Bass, ’togs pro­vid­ing an­glers with record hauls

The Washington Times Daily - - Sports -

Over the past six days, lo­cal and dis­tant sport fish­ing has gone into over­drive. In the nu­clear power sta­tion Lake Anna, west of Fred­er­icks­burg, Va., a bass fish­ing-tour­na­ment or­ga­ni­za­tion known as Fish­ers for Men con­ducted its first con­test of the year that would al­low two con­tes­tants in each boat to en­ter only five bass. As the weigh-in was held at Stur­geon Creek Ma­rina, the five­fish catch of Keith Estes, of Spring Grove, Va., and Don­ald Estes, of Hen­rico, Va., turned out to weigh 27.69 pounds, which in­cluded two large­mouth bass that tipped the scales at more than 6 pounds. This win­ning catch turned out to be an all-time, five­bass lake record.

Now, along comes Tide­wa­ter fish­ing den­tist, Dr. Ken Neill, whose salt­wa­ter ex­ploits are known along the mid­dle At­lantic coast. As he left a Virginia Beach ma­rina last Sun­day to go af­ter tau­togs that are found hid­ing in off­shore wrecks, Neill even­tu­ally tied into some­thing that seemed to weigh far more than the usual tau­tog that av­er­ages 3 to 6 pounds. A brag­ging-size ‘tog, as it’s fre­quently called, per­haps goes as high as 15 pounds. What Neill had on the end of his line was a po­ten­tial state-record tau­tog. It weighed 24 pounds, 3 ounces and mea­sured 32 inches long. When the ap­pli­ca­tion is ap­proved by Virginia fish­ing of­fi­cials, it will be the lat­est tau­tog state record — a ver­i­ta­ble gi­ant as far as the species is con­cerned.

Lo­cally, boaters and shore­line an­glers who seek their fa­vorite quarry, the large­mouth bass, are do­ing well in the Po­tomac River be­tween the Dis­trict and down-river por­tions in Charles County, Md., or Prince Wil­liam County, Va. Although the first few days of the week were windy and many boaters chose to stay in safer wa­ters, all the feeder creeks turned up ex­cel­lent catches.

Be it the Pomon­key, Mat­ta­woman, Chi­ca­muxen, Oc­co­quan, Pow­ell, Quan­tico or Aquia, all will de­liver the goods on a va­ri­ety of crankbaits, rat­tle lures, soft plas­tics, oc­ca­sion­ally even sur­face lures. In ad­di­tion, Chi­nese snake­heads are mov­ing about, and crap­pies are be­gin­ning to bunch up in an­tic­i­pa­tion of spawn­ing sea­son.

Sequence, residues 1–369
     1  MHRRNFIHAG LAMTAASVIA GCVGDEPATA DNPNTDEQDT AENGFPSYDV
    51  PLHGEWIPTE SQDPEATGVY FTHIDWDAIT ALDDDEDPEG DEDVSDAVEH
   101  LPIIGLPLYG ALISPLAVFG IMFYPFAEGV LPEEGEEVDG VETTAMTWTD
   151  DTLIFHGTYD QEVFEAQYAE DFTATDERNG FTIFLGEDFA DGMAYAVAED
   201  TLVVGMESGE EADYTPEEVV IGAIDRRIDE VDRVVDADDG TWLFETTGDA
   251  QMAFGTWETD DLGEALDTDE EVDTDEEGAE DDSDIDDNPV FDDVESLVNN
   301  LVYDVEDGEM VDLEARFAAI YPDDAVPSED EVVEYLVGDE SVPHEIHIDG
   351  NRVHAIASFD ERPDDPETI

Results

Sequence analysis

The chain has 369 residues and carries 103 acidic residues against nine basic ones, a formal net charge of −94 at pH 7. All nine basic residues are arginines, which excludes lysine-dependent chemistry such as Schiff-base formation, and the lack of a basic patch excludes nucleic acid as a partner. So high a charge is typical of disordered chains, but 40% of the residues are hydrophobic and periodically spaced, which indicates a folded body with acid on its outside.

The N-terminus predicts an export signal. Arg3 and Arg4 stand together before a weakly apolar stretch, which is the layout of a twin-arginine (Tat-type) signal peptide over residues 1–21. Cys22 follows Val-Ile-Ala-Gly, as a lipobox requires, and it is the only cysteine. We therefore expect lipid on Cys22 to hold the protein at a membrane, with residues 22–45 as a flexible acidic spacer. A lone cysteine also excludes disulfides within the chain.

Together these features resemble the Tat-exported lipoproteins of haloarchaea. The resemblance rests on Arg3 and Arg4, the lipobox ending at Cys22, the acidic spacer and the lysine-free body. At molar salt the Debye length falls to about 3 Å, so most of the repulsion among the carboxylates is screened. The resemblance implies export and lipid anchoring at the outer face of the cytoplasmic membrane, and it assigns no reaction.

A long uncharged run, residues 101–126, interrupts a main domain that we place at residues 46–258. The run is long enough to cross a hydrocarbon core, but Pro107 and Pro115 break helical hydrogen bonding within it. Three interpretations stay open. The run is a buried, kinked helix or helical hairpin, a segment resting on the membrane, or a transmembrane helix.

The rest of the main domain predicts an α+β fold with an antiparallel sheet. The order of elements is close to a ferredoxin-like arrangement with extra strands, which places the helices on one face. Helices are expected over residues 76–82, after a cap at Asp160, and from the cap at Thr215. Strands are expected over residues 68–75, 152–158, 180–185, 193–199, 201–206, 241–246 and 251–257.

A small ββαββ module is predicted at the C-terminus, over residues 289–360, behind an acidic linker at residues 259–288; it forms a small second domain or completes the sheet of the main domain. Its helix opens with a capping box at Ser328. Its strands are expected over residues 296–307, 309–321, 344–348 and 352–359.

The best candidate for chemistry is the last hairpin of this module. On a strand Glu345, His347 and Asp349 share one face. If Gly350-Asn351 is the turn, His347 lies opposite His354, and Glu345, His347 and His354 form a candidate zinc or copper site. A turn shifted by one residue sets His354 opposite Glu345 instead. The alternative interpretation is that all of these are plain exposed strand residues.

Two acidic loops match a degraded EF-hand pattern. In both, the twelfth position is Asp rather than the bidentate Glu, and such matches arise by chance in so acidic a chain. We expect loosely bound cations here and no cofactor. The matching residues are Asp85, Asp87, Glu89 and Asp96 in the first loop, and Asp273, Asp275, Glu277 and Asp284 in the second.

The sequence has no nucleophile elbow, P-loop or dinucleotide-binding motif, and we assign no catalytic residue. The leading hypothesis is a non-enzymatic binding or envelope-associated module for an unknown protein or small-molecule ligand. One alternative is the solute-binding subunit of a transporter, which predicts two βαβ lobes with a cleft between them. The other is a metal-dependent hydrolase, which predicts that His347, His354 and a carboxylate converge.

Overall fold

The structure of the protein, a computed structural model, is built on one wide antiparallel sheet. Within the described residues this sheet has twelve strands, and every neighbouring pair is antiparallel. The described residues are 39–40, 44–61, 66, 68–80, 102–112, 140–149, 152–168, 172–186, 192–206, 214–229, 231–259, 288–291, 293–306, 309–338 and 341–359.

For fans of shad catch-and-re­lease fish­ing, the Po­tomac at Fletcher’s Cove in Ge­orge­town, the Susque­hanna River above Havre de Grace, Md., (in­clud­ing Deer Creek), and Virginia’s Rap­pa­han­nock River in the Fred­er­icks­burg sec­tor pro­vide fair to good chances of hook­ing hick­ory and Amer­i­can shad. Just be cer­tain to let your catches go. They’re pro­tected and can­not be kept. The Fletcher’s stretch of the Po­tomac also shows blue and chan­nel cat­fish, as well as a few white perch and stripers. Boat rentals are avail­able.

In the Ch­e­sa­peake Bay, most ev­ery­body awaits the start of the striped bass tro­phy sea­son that be­gins April 21 and runs through May 15. Pri­vate boaters and char­ter boat cap­tains al­ready are check­ing the wa­ters, but they won’t get real se­ri­ous un­til next month. Mean­while, in the low­est parts of the Ch­e­sa­peake, tau­togs up to 6 pounds are hang­ing around the Ch­e­sa­peake Bay BridgeTun­nel tubes, the Con­crete Ships on the east­ern side of the Bay and all of the sunken wrecks. Don’t for­get that the lo­cals in the lower Bay have be­gun the black drum watch. Big black drum will be caught be­fore you know it.

Fans of floun­der fish­ing can make plans to visit Oys­ter, Quinby and Wachapreague wa­ters on Virginia’s East­ern Shore. Some of the more skilled floun­der hunters al­ready have scored. There also are ru­mors that some of the East­ern Shore’s bar­rier is­land chan­nels and deep ditches have de­liv­ered strikes from chan­nel bass (red­fish). It’s a bit early, but this has been a strange March.

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